No way would I go in björkliden after that description: EEK! :O

Very cool that the mnemonic works in Swedish, too! :D

The trees would've been fun to paint; I agree.

But isn't Anders clever with the creation of the stencil? I would not have thought of that, so I would have handed him the paintbrush as gracefully as you did.

They would have been fun, but he's really into it. Plus he has paint clothes and I don't :D

from cousin kat

Hi Liz,

just wanted to pop in and say hi! I've all but abandoned my blog, but still keep up with reading all my favorites like yours!
I'm looking forward to seeing the pics of the kid's rooms! We're in the midst of buying a house, so it's fun to see how you have it decorated, painted, etc. Plus I just love house pics!
I'm so glad you're mom will be coming soon and for a month!!!! Wow, lucky you! I wish my mom were able to do that! But my sis and her boyfriend will be here for a few days in December, so I'm very much looking forward to having some family here for Christmas...will be a nice change!
I have 3 weeks off in August, so maybe we can get together then? Mull it over!

Cousin Kat

Re: from cousin kat

Don't give up on your blog! (especially for FB!)...I feel like I want to write here MORE now, actually. FB is just too flutterby for me most of the time. I don't really feel I get to KNOW people there the way I do here.

I will keep August in mind, but I can't plan that far ahead. We want to go to Italy this year, and to the States with the whole family, so that's our goal for vacation time.

I wholly agree with you on caves. Wonderful and mysterious, yes, but they've scared the crap out of me since I was a kid and read several books about being trapped in a cave (a staple of Christian YA lit, I guess... oh, and didn't Tom Sawyer get himself stuck in one too?). In Ireland this summer, Dan & I stayed up too late watching a Discovery Channel show about a wilderness explorer worming his way through an unexplored water-filled cave in Transylvania, after which I needed intense therapy. :) I would be quite content to keep my lifetime cave experiences to a cozy room like Karin's.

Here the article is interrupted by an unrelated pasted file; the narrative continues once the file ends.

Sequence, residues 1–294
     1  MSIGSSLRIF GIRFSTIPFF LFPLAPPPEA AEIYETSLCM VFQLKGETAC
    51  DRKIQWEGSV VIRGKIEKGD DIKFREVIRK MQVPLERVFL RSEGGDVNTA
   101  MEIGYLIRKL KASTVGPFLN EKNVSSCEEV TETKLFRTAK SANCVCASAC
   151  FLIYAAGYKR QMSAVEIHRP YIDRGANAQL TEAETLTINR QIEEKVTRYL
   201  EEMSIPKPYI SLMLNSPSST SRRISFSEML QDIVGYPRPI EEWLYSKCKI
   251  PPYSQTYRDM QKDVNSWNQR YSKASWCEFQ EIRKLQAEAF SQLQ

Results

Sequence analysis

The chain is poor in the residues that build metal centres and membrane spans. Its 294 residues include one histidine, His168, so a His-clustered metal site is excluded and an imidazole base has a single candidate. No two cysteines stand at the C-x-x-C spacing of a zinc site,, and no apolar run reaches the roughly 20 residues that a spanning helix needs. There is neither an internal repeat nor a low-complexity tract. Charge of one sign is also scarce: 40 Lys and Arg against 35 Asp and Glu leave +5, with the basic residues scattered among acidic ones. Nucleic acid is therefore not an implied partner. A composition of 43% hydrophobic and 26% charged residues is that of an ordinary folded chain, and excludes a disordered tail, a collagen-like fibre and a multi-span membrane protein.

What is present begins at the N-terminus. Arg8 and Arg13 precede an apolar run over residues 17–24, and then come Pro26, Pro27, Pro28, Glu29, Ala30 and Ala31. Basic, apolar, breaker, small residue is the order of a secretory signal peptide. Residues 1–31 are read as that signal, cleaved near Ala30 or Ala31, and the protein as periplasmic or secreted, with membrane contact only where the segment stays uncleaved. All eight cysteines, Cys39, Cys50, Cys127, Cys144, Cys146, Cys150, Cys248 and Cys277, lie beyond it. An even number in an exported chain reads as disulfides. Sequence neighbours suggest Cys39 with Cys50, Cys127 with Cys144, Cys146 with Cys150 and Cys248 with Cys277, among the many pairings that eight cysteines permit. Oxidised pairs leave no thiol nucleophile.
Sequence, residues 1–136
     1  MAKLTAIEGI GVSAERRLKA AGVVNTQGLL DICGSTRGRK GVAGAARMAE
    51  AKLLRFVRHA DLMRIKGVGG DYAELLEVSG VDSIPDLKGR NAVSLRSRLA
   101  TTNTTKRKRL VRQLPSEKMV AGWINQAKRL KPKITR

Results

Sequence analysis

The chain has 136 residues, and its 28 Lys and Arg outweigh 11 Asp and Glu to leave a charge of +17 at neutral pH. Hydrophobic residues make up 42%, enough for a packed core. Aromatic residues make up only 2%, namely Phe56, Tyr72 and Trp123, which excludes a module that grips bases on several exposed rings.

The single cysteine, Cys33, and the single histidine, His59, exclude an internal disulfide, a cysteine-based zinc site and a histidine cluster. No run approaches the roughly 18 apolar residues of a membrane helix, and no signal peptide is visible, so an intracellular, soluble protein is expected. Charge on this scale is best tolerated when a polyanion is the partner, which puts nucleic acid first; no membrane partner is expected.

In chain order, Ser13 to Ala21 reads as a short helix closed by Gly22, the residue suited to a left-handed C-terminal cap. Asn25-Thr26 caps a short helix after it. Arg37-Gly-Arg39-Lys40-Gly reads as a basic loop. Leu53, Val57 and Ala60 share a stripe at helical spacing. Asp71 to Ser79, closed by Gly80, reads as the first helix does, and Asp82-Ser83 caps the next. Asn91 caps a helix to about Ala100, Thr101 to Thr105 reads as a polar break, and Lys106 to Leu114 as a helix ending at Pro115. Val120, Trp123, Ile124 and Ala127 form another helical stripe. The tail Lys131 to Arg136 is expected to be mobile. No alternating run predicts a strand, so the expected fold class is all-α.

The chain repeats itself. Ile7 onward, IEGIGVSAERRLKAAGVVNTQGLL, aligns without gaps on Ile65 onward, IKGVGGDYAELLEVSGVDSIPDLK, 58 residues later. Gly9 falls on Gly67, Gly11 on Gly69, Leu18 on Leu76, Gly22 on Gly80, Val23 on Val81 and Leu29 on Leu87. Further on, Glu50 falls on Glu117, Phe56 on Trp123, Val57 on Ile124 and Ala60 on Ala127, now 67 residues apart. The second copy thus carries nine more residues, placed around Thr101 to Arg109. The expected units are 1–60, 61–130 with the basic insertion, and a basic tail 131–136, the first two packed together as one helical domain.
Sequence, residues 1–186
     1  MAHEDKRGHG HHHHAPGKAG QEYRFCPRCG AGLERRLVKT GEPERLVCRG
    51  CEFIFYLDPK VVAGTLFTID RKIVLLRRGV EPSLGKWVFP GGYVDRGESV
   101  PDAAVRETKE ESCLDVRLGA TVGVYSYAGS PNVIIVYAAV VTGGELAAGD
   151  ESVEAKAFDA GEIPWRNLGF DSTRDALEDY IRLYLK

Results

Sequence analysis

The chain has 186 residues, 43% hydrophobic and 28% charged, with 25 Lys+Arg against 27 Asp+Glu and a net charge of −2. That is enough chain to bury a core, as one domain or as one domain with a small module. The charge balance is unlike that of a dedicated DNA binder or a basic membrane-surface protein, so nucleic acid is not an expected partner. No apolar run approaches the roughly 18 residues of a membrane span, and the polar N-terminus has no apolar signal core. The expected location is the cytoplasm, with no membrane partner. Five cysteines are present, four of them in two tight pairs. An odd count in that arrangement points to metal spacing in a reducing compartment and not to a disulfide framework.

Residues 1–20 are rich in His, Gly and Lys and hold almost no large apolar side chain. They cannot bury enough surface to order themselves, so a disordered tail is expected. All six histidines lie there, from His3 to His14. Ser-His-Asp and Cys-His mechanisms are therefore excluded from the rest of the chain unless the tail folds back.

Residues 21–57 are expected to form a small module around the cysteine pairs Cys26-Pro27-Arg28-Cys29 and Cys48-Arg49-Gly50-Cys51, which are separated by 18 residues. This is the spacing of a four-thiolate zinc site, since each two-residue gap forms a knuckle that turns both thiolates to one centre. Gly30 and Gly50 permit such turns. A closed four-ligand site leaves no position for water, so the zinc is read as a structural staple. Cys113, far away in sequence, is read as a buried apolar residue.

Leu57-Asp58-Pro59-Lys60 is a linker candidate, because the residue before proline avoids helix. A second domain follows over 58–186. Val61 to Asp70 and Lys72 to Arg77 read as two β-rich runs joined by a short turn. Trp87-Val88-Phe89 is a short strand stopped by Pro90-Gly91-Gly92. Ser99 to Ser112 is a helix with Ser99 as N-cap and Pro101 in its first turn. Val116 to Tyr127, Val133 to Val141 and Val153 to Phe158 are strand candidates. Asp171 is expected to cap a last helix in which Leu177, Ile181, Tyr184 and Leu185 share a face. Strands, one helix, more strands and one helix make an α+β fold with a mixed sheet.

Yep, Tom Sawyer too. No way I could ever be a spelunker, but I love saying that word! :D

thanks for that mnemonic. the only caves i've been in are the Oregon Caves...i was maybe 8 and family friends took me. i loved the caves, but i have acrophobia, so nearly died from the anxiety having to climb up/down the ladders. it traumatized me enough that every time i drive by that exit in Southern Oregon, i still shudder. :)

when my (younger) brother was in high school, he went to the paint store to buy black paint to paint his know you live in a small town when the paint store owner refuses to sell it to you because your dad might get mad. he wouldn't give him anything darker than navy he got to spend his teen years in a navy cave. :)

Hahahahaha! that is so hilarious about your brother and the navy cave!